She further noted the apologies of the Minister but said that the Committee was still hoping that the Minister or Deputy Minister would attend the committee’s meetings. There were a number of outstanding matters that the Committee wished to raise.
Department of Arts and Culture 3rd quarter 2013/14 performance report
Mr Sibusiso Xaba, Director General, Department of Arts And Culture, presented the 3rd quarter 2013/14 performance report. He noted that at the moment, The DAC was also presenting to a Select Committee, and he wished to place this on record, as well as noting the new instructions from National Treasury in regard to the delegation sizes. He said that the current third quarter report was both a performance and a financial report, measuring performance against the Annual Performance Plan (APP) as well as the budget for 2013/14. It would examine the variances by economic classification, expenditures, and explain any areas of under-performance. He would also indicate the performance of the entities, in line with earlier requests by this Committee.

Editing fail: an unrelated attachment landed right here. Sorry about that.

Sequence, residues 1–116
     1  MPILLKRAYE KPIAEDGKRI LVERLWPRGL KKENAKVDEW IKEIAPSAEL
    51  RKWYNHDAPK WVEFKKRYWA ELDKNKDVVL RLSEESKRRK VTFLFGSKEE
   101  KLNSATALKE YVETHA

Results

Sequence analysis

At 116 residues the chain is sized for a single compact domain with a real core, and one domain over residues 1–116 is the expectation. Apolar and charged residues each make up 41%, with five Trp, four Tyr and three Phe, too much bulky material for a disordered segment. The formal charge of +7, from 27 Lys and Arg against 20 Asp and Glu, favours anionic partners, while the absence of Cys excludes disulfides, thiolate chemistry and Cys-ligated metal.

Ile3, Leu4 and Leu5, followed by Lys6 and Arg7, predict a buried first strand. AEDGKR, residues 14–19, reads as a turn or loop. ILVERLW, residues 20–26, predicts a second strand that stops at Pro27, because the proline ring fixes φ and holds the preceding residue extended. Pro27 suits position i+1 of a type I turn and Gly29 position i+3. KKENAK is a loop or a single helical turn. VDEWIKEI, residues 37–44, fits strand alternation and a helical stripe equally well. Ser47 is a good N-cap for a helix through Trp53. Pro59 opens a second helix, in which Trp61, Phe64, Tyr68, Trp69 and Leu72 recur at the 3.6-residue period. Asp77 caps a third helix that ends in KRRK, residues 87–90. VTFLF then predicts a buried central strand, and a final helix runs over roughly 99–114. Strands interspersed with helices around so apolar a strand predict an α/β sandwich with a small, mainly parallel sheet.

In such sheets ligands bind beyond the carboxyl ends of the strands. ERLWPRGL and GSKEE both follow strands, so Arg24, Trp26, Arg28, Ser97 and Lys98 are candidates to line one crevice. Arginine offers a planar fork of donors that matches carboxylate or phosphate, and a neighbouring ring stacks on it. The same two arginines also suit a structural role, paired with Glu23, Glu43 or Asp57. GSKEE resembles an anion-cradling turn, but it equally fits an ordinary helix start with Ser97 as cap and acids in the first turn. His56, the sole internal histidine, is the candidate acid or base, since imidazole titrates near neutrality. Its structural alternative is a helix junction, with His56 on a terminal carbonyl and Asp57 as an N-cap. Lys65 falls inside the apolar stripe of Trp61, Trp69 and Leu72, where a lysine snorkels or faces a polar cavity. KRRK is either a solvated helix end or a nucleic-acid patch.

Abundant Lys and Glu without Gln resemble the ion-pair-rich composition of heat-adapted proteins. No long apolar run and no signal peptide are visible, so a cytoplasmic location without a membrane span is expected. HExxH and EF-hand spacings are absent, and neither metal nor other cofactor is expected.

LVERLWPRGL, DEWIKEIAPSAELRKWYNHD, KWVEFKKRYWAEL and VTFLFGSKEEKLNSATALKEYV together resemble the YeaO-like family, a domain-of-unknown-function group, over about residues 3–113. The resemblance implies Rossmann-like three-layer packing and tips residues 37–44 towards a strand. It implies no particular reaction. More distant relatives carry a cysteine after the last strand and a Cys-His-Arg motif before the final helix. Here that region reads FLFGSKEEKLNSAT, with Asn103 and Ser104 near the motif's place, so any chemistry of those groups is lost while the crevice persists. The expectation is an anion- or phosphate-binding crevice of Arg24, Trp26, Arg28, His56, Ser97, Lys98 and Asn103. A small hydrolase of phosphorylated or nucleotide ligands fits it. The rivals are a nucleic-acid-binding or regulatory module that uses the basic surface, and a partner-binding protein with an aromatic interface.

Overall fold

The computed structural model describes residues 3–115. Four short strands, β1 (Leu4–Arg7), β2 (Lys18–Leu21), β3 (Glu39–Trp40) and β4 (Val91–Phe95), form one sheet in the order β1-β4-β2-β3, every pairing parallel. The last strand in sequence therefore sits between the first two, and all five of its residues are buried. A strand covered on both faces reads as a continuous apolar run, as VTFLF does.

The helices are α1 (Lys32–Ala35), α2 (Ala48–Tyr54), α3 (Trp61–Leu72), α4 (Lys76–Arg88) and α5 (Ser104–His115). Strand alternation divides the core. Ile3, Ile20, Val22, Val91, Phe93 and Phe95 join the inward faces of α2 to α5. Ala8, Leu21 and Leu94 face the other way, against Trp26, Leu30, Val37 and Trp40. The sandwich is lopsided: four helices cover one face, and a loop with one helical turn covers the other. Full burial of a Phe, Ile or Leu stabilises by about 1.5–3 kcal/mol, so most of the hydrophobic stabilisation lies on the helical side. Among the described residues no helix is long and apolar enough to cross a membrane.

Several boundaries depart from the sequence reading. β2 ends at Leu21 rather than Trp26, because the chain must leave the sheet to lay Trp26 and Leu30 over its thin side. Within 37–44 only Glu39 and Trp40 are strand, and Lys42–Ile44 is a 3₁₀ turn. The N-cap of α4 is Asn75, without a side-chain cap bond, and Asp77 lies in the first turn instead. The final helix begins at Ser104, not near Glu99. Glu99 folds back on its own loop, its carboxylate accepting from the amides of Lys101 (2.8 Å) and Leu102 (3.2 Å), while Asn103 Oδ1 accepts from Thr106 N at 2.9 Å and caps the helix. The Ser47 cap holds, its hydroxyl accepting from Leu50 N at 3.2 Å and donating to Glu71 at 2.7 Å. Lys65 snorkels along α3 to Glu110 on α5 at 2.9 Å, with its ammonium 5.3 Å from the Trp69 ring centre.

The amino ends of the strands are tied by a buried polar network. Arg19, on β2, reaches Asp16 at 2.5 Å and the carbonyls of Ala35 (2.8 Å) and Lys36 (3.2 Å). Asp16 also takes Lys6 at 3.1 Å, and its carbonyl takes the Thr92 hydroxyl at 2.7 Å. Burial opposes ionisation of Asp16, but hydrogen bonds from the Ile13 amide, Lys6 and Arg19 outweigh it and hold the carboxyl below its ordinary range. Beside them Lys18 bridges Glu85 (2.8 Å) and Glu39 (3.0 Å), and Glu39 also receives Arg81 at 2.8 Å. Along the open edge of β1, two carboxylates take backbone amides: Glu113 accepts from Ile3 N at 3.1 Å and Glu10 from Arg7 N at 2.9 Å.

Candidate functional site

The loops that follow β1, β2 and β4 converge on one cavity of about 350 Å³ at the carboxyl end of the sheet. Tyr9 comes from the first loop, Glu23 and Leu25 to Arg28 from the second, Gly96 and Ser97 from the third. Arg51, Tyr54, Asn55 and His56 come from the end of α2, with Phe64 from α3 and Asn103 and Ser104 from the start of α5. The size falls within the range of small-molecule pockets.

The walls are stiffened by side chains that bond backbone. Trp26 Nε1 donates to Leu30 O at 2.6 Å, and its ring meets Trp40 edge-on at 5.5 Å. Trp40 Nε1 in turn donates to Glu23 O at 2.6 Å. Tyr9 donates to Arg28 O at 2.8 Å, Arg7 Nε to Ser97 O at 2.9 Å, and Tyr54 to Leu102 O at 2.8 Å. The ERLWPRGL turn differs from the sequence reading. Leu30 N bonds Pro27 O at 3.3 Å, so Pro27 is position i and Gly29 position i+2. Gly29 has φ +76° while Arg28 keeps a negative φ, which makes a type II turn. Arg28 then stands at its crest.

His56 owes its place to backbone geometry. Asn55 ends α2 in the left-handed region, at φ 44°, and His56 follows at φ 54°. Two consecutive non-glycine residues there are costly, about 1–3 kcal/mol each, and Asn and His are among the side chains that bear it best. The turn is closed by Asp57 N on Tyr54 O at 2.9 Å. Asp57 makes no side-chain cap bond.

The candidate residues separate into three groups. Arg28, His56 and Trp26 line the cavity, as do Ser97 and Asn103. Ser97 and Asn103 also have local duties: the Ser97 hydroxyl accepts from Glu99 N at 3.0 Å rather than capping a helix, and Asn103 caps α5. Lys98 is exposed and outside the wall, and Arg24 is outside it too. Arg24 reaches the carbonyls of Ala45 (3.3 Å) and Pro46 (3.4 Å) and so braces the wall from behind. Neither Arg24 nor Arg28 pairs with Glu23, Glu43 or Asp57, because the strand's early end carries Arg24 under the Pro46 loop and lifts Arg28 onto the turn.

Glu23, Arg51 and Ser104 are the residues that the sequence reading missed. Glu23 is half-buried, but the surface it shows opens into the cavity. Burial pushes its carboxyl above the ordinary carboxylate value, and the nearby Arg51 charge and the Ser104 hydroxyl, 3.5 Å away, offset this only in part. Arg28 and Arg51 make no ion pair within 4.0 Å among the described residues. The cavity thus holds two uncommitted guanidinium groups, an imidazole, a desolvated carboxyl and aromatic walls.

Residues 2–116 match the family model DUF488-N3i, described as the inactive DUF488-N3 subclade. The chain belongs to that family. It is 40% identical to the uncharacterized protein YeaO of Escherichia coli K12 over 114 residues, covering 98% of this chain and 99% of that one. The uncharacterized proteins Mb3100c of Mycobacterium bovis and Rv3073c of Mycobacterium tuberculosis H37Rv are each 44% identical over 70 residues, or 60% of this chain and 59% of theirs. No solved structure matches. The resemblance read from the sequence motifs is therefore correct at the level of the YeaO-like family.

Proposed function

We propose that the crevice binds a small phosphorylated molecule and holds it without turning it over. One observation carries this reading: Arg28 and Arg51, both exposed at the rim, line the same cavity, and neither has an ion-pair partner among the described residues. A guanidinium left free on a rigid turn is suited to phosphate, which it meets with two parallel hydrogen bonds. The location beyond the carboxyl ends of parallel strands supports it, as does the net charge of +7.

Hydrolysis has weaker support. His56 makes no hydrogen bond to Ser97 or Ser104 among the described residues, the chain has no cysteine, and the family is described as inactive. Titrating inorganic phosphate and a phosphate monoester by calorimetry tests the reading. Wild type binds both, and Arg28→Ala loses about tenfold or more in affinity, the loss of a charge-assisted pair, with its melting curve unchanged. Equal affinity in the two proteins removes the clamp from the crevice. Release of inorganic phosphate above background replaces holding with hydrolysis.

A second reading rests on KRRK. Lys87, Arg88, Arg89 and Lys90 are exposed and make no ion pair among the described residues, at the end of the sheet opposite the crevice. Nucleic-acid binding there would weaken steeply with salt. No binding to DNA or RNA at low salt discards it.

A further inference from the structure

The highlight of this quarter included the unveiling of the statue of late President Nelson Mandela installed at the Union Buildings, on the day after his funeral. DAC had created 5 531 job opportunities through service delivery initiatives. The DAC also had managed to approve three policies; namely the Digitisation of Heritage Resources Policy, the National Heritage Human Resources Development Strategy, as well as the National Archives Digitisation Strategy. Two gazettes were published, as well as name changes, in which 83 of 92 requests were approved. Two Archival Outreach Programmes were conducted in the Eastern Cape and the Northern Cape. Under infrastructure, three new libraries and eleven infrastructure projects were funded.